World Sleep Day is an annual event organized by the World Sleep Society. It encourages: 1. An understanding and awareness of the importance of sleep in overall health, 2. the recognition of and current research on the burden of sleep disorders and sleep disruption, and 3. efforts for the prevention and management of sleep disorders and/or sleep disruptions. The theme for this World Sleep Day is Sleep is Essential for Health. Just like eating well and exercising, sleep is a behavior that is foundational to one’s physical, mental, and social well-being. However, sleep is not yet commonly considered an essential behavior for good health.
Chronic pain and sleep have a complex relationship that can create a vicious cycle. The relationship seems to work in two ways – poor sleep can be associated with the development or worsening of pain, or having pain can be associated with developing poor sleep.
Chronic pain can make it difficult to fall asleep, stay asleep, or achieve restorative sleep, and the resulting lack of quality sleep can exacerbate pain levels and perpetuate the cycle. One of the primary reasons that chronic pain can interfere with sleep is because of the discomfort it causes. Pain can make it difficult to find a comfortable sleeping position or even make it impossible to lie down altogether. This can lead to a decrease in sleep quality and duration. In addition, pain can disrupt the normal sleep cycle by causing frequent awakenings, which can reduce the amount of time spent in deep, restorative sleep.
The impact of chronic pain on sleep is not limited to physical discomfort. Pain can also cause emotional distress, which can interfere with sleep. Chronic pain sufferers may experience anxiety, depression, and feelings of hopelessness or helplessness. These emotions can lead to racing thoughts, making it difficult to fall asleep or stay asleep. They can also create a sense of fatigue, which can cause an individual to feel sleepy during the day, further disrupting the sleep-wake cycle. The impact of poor sleep on chronic pain can also be significant. Sleep deprivation can increase sensitivity to pain, making it more difficult to manage chronic pain. Lack of sleep can also interfere with the body’s natural healing processes, making it more challenging for the body to recover from injuries or inflammation that may be contributing to pain. Additionally, poor sleep can contribute to cognitive dysfunction, which can make it difficult to focus and manage pain effectively.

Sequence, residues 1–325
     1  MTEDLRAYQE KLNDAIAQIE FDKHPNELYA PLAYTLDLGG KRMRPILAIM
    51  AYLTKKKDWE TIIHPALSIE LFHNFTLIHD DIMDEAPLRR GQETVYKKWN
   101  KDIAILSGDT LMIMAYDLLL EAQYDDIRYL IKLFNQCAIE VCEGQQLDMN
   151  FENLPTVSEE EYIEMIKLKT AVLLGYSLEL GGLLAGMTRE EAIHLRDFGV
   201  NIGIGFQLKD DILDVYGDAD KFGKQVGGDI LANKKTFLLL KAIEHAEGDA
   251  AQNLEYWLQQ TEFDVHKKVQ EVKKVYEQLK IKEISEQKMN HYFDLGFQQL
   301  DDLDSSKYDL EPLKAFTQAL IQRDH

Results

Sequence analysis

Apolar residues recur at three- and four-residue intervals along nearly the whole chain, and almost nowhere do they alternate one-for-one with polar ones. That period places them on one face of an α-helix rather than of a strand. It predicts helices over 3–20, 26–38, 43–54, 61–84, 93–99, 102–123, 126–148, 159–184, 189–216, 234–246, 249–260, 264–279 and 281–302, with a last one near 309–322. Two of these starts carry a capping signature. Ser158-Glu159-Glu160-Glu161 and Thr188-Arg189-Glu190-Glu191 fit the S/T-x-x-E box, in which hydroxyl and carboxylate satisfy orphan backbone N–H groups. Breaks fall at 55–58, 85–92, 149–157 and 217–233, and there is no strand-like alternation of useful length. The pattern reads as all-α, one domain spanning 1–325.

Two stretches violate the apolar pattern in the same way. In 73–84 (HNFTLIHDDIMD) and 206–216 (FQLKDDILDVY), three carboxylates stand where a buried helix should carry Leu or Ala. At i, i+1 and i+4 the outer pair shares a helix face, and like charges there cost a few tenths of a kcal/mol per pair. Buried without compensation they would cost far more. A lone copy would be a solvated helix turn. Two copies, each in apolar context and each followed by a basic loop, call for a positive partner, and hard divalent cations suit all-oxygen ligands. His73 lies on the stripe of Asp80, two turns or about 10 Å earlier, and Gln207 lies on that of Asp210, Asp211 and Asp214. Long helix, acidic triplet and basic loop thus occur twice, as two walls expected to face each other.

To break the cycle of chronic pain and poor sleep, it is essential to address both issues. Pain management techniques such as medication, physical therapy, and cognitive-behavioral therapy can be effective in reducing pain levels. Additionally, there is moderate evidence that exercise training and relaxation in the form of breathing or cognitive behavioural therapy can help improve sleep in people with pain. The European Pain Federation’s ‘On The Move’ campaign has extensive resources to help people participate in more exercise/physical activity.
Please see recent articles in the European Journal of Pain on this below:
- Investigation of Pain Sensitivity Following 3 Nights of Disrupted Sleep in Healthy Individuals
- Enhanced pain sensitivity in obese patients with obstructive sleep apnoea syndrome is partially reverted by treatment: An exploratory study
- Nature and nurture. Genetic and environmental factors on the relationship between back pain and sleep quality
- Preoperative sleep quality and adverse pain outcomes after total hip arthroplasty
- Sleep problems and psychological symptoms as predictors of musculoskeletal conditions in children and adolescents
- Sleep restriction does not potentiate nocebo-induced changes in pain and cortical potentials
- The association between sleep quality, low back pain and disability: A prospective study in routine practice
- Conditioned pain modulation is not decreased after partial sleep restriction
- Effect of sleep deprivation on the electrophysiological signature of habituation to noxious laser stimuli
- Sleep as a predictive factor for the onset and resolution of multi-site pain: A 5-year prospective study
- Development and pharmacological characterization of a model of sleep disruption-induced hypersensitivity in the rat
- Pain threshold and sleep quality in women with endometriosis
- Differences in suprathreshold heat pain responses and self-reported sleep quality between patients with temporomandibular joint disorder and healthy controls
- Effects of pain management on sleep in preterm infants
- Sleep continuity and architecture: Associations with pain-inhibitory processes in patients with temporomandibular joint disorder
- Effect of acute gouty arthritis on sleep patterns: A preclinical study
- Impaired health status, sleep disorders, and pain in the craniomandibular and cervical spinal regions
- The impact of spinal cord stimulation on physical function and sleep quality in individuals with failed back surgery syndrome: A systematic review
To find out more about World Sleep Day, visit https://worldsleepday.org/.